-John J. Ingalls, U.S. Senator from Kansas, 1873-1891,
        in "A Collection of the Writings of John J. Ingalls, 1902"

"This flower has to all Kansans a historic symbolism which speaks of frontier days, winding trails, pathless prairies, and is full of the life  and glory of the past, the pride of the present, and richly emblemaitc of the majesty of a golden future."
        -Laws 1903, Chapter 479

"Neither Jayhawker winds, nor Jayhawker drought
        Stops the Jayhawker's heart, nor the Jayhawker's mouth;
For the Jayhawker's faith is always first rate,
        He has Jayhawker's pride in his Jayhawker state!"

"...These things--the air, the water, the scenery and we who fill these scenes--hold many and many a man to Kansas when money would tempt him  away...Here are the still waters, here are the green pastures. Here, the fairest of the world's habitations."
        -William Allen White, circa 1912

"...What Kansas will be 50 years hence is beyond the comprehension of people now living."         -CHICAGO JOURNAL, May 14, 1889

"Our climate is pure and invigorating and health-giving, the atmosphere being light, and singularly bright and sparkling.  The breeze that  constantly sweeps over the prairies is redolent with vigor, banishing incipient consumption, and uprooting the seeds of deep-seated diseases,  engendered by the vassalage of a sisypian (sic) labor, or a long residence in the thickly populated places of the East; imparting an  appetite and fruition which only such an atmosphere can impart--and making the climate in itself a panacea more potent than the science of  physicians, and more rejuvenating than the visionary 'Fountain of Youth.'"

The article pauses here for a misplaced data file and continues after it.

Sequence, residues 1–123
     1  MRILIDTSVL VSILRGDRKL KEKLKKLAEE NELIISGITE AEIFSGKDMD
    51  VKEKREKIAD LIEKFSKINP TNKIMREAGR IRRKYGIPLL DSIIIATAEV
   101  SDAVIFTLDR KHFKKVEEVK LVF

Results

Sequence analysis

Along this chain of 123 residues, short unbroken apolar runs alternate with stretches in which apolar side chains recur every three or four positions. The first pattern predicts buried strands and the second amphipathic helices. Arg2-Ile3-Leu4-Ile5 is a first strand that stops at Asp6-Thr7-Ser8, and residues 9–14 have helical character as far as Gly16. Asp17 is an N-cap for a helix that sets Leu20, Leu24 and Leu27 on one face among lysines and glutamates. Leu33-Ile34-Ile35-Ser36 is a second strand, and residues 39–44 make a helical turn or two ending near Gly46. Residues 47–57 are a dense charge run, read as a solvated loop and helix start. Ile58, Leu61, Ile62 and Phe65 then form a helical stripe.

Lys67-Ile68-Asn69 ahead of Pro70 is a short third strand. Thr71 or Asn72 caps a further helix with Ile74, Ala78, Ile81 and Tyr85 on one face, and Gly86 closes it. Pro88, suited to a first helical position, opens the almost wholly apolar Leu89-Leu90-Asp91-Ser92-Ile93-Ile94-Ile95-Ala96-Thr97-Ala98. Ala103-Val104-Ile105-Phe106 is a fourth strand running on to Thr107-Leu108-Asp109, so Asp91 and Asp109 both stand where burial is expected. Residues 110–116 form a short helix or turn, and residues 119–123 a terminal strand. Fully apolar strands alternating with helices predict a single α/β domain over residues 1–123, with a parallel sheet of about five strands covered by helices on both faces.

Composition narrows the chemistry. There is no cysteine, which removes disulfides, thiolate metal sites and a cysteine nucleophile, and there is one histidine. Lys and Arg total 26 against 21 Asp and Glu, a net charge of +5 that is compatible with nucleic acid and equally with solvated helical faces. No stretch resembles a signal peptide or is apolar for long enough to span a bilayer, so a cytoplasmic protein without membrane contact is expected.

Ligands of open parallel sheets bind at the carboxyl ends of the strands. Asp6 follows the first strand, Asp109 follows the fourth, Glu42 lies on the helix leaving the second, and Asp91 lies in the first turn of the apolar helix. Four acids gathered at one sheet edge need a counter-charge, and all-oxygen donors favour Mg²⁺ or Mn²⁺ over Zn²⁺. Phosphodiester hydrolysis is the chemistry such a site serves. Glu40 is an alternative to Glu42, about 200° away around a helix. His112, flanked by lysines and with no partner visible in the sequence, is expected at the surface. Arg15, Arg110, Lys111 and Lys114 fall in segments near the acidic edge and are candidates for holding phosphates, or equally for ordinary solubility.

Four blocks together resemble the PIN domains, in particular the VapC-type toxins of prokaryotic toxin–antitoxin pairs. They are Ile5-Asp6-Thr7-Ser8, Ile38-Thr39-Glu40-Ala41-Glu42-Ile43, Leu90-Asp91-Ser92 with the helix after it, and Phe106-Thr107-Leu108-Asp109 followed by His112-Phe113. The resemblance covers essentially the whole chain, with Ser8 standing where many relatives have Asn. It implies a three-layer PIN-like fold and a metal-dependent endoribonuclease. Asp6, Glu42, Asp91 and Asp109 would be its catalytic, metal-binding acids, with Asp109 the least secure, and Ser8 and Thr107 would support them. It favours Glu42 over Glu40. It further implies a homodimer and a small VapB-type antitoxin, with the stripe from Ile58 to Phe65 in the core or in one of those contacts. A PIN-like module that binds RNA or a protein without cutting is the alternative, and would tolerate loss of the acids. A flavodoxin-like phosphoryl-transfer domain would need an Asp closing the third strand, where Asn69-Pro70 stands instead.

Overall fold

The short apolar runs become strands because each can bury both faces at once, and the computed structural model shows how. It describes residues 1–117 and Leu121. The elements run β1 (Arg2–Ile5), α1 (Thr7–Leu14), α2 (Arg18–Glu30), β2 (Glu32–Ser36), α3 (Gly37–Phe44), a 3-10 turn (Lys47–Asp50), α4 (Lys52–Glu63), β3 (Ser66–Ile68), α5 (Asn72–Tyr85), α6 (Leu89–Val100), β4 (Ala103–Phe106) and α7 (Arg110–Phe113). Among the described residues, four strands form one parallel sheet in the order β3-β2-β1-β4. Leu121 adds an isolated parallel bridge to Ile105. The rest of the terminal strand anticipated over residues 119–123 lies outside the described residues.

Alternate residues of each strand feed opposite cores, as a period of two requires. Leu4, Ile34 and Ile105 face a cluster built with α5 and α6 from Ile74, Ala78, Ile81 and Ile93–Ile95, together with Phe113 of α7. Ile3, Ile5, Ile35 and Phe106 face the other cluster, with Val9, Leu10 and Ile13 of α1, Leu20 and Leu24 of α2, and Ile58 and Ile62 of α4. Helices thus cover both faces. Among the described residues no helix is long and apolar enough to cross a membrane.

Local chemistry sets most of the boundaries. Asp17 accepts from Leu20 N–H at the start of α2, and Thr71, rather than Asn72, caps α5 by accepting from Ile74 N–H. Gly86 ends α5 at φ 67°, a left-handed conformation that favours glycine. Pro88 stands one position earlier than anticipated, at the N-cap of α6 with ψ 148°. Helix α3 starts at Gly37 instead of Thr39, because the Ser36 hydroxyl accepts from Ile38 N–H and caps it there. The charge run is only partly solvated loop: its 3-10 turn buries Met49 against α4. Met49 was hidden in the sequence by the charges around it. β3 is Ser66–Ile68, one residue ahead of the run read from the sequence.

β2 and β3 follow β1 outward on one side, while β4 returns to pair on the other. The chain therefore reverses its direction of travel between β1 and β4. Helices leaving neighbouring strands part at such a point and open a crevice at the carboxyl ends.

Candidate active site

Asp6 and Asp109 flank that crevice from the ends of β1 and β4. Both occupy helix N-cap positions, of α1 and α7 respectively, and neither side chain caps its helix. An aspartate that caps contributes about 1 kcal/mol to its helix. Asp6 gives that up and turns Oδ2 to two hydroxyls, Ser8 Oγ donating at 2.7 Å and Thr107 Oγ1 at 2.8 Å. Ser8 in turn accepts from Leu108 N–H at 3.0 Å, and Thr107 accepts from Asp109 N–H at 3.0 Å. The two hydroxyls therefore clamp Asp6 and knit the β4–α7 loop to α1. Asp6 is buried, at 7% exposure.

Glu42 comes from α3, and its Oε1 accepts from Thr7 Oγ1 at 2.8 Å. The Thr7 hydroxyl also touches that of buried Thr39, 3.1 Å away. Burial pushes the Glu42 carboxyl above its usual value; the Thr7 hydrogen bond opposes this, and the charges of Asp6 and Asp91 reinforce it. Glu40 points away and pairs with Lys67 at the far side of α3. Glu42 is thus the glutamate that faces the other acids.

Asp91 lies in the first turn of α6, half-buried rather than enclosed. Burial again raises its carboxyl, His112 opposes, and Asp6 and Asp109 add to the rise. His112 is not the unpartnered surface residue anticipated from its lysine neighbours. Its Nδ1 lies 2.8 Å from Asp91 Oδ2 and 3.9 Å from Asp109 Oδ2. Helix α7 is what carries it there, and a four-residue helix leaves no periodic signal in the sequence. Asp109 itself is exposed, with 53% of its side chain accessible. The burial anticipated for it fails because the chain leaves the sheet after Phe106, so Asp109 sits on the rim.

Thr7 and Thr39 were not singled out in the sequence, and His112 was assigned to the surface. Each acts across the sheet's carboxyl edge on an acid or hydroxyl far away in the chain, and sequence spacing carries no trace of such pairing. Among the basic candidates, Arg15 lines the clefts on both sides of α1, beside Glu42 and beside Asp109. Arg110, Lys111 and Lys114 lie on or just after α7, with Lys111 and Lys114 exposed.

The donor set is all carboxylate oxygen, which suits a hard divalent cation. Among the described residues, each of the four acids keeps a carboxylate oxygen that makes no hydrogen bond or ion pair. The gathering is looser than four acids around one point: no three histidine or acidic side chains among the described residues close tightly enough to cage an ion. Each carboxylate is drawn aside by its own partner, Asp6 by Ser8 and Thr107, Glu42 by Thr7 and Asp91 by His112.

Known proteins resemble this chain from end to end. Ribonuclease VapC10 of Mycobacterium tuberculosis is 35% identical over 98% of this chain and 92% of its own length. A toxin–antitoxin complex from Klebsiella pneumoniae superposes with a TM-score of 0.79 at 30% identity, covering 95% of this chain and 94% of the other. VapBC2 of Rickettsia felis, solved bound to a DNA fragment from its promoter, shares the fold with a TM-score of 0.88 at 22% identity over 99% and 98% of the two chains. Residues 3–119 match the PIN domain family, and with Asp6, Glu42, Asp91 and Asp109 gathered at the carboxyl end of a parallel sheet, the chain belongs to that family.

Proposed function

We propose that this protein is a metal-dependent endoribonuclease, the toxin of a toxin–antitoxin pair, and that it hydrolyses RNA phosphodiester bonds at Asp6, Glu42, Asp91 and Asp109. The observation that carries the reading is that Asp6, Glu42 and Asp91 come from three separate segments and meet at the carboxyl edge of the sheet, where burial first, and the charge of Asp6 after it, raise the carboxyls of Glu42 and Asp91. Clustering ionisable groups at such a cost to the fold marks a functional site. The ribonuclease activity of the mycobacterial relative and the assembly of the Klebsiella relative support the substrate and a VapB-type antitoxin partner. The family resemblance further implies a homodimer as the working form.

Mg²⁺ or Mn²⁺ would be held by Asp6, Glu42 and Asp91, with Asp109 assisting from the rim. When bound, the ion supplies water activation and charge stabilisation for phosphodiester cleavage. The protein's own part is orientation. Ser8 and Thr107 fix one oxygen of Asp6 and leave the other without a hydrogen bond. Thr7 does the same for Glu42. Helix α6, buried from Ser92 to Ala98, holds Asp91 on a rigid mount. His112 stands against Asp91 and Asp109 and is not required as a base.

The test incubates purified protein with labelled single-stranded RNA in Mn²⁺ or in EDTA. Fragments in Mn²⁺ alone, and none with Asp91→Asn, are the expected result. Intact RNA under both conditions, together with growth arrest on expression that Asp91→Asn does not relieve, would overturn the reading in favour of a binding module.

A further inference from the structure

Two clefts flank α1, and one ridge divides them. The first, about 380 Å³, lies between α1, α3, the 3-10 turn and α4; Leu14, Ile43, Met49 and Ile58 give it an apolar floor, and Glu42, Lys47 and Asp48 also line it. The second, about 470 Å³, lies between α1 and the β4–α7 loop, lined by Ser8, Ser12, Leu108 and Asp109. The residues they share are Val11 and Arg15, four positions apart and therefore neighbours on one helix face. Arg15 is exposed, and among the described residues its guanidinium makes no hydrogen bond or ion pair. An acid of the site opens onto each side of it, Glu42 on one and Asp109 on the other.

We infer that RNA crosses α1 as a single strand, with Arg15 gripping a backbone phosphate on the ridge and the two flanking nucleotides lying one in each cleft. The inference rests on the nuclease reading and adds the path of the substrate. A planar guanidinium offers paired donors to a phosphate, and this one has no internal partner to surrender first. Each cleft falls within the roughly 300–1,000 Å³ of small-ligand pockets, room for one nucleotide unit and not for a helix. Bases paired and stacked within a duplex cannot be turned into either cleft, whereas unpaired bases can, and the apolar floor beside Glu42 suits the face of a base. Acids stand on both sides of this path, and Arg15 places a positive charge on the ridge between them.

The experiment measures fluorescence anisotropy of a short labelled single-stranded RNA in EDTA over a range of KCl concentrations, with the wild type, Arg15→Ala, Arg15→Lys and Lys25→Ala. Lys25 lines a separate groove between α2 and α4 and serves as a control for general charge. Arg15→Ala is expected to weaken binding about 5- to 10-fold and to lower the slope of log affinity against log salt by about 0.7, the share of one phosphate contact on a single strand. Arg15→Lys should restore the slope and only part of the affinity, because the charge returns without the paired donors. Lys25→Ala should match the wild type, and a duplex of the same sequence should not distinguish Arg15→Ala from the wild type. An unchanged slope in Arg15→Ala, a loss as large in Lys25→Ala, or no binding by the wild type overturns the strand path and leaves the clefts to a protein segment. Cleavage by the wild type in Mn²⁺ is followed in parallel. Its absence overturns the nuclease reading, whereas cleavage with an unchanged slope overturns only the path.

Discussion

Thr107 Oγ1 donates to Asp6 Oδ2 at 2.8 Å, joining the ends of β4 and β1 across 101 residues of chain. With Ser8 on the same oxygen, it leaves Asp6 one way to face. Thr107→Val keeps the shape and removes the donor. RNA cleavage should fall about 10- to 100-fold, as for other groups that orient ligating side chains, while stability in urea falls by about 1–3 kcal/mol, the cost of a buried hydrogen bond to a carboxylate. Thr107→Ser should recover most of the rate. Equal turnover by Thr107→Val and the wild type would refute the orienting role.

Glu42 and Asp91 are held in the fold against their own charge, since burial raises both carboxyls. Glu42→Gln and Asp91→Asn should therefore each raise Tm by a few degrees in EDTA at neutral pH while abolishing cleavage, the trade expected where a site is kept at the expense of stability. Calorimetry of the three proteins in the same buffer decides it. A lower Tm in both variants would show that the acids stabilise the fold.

-FORT SCOTT MONITOR, July 8, 1868

"The Kansas of to-day is a wonder of intelligence, wealth, enterprise, comfort, and culture...With a climate unequaled, a soil rich beyond  comparison, and a population made up of the best nerve and brain of New England and Germany, it is fast taking a place in the front rank of our Federal Union...Many a pioneer has purchased his 160 acres of the railroad company...Soon his orchard is planted, his farm stocked, and he has all the hay he needs without cultivation (though he needs but little, for the winters are very mild here)."
          -NEW YORK TRIBUNE, reprinted in the "Guilford Citizen,"
          Wilson County, April 21, 1870

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"...this country may with propriety be called the Deserts of North America for I do not conceive any part of it can ever silted as it is  deficient of or in water..."
        -Ordnay, a chronicler with the Lewis and Clark Expedition of 1804

"Kansas is herself again. The wind blows and the dust and sand flies, but no rain descends. A newcomer asked one of our fellow townsmen if it  always blew this way in Kansas.  He replied that there were perhaps two or three days during the year that it did not."